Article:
In my first K99-R00 publication analysis post, I presented the distribution of the number of publications for the FY2007 K99-R00 cohort. In this post, I examine the distributions of the numbers of authors per paper.

For 134 K99 investigators for which I have been able to identify publications relatively unambiguously through PubMed and who transitioned to a R00 award, a histogramÂ of the number of authors per publication is shown below:

The median number of authors is 5 and the mean is 6.5. Of course, average number of authors per publication varies from investigator, reflecting different circumstances, areas of science, and other factors. The distribution is shown below:

How does the average number of authors per publication relate to the number of publications?

As this plot shows, these two parameters are correlated with a correlation coefficient of 0.47. Investigators with a larger number of publications tend to have more authors per publication.

One way to correct for the influence of an increased number of authors on the number of publications is to weight each publication by 1/(number of authors) (as was suggested by a comment on Twitter). In this scenario, a paper with two authors would be worth 1/2 while a paper with 10 authors would be worth 1/10.

This weighted sum of publication is plotted versus the total number of publications below:

This tightens the distribution substantially and the correlation coefficient increases to 0.83. One interpretation of this is that differences in authorship practices do influence the number of publication for a substantial part of the distribution. The investigators on the tail of the distribution with a large number of publications still lie on the edge of the distribution with this correction. In general, these investigators have been successful in obtaining substantial resources subsequent to their R00 awards, leading to an increased number of publications.

[…] final figure from Datahound's post on K99/R00 recipients who have managed to win R01 funding is fascinating to me. This is a plot of individual […]

What am I missing here? Your weighted analysis seems to argue something different. i.e., that even when you try to account for "authorship practices" the relationship still holds.

This assumes what you mean by "authorship practices" is a relative difference in the lab/subfield/etc expectation about the degree of contribution to a given paper that deserves an author credit. In the extreme, true "guest" or "courtesy" authorships where people are being put on without really contributing. Your weighted sum should dilute the impact of non-contributing authors. In fact what you are showing is that even when you do this, more authors = more pubs. Which suggests that on the whole authors are adding incremental scientific advance on an essentially linear basis.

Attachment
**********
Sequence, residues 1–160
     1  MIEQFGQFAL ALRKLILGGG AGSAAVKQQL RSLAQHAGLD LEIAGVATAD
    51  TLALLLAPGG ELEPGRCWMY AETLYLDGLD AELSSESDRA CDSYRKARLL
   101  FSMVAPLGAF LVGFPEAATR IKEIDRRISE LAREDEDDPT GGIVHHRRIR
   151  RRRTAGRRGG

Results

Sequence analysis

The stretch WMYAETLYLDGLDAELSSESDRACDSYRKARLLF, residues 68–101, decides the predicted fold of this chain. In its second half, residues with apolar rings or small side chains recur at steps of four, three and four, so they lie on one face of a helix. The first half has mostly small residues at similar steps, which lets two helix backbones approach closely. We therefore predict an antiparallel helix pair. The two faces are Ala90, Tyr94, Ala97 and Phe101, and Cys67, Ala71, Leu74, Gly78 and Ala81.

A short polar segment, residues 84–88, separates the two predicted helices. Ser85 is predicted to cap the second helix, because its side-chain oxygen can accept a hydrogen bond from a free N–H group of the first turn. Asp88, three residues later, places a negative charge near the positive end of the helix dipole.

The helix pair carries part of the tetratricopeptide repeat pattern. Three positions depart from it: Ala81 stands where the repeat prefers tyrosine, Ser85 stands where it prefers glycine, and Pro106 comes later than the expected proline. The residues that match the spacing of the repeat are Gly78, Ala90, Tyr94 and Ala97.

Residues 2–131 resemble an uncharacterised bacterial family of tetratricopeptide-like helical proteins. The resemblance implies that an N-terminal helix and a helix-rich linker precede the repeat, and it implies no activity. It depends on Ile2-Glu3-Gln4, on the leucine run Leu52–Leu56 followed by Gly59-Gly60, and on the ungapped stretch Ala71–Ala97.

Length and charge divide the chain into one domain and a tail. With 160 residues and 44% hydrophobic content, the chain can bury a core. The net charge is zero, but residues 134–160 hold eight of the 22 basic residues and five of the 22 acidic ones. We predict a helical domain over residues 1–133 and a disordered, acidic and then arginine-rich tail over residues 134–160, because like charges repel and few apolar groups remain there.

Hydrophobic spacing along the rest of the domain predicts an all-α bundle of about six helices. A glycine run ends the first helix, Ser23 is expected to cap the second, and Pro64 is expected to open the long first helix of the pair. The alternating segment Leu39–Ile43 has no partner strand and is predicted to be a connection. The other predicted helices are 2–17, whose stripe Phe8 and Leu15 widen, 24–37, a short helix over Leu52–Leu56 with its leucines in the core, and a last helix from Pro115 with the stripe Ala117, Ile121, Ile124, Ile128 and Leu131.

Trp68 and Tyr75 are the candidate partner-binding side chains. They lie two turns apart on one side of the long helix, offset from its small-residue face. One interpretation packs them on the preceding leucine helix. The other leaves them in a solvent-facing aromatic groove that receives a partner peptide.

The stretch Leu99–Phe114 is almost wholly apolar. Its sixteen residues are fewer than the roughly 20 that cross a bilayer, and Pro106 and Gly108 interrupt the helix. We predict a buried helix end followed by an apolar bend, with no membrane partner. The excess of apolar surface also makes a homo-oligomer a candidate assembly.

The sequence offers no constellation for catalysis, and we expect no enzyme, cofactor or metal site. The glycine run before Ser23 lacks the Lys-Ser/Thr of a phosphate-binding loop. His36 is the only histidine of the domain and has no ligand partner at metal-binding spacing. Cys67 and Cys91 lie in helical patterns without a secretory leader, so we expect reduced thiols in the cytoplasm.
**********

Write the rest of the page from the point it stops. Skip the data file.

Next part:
What I am not correcting for (yet) is total support over this time period. Many of the investigators who have published a lot over this period have been successful in getting R01s and other grants. I am working on collating the relevant data.

and for clarification, this is all-publications for the FY2007 K99ers yes? so both before and after the K99?

Yep.

It would make sense that if an investigator were to have obtained substantial resources, then they would be able to hire more workers and the #authors/paper would increase as well as the rate of publication. This is assuming that many people contribute to each pub and many people are individually first-authoring a pub at any given point in time. It may also suggest that an investigator contributes to other labs' work substantially, which would have the same effect. I am not at all surprised by this. It seems that for tenure/hiring, one should continuously be working on first/last author pubs, while contributing a skill or resource to collaborators (or labmates, depending on your career level) as much as possible.

[…] in part, by Drugmonkey's post, I have been thinking further about the analysis I did relating the number of publications to the number of authors per publication. I realize that I did […]

[…] Sharp-eyed readers may note the absence of the investigator with the most (95) publications from my initial post on this subject. This investigator only received funding through the R00 phase before moving to a position in Europe so I removed this data point from the plot. The correlation coefficient for this parameters is 0.30. The correlation improves slightly t0 0.32 if each publication is weighted by 1/number of authors as described in the previous post. […]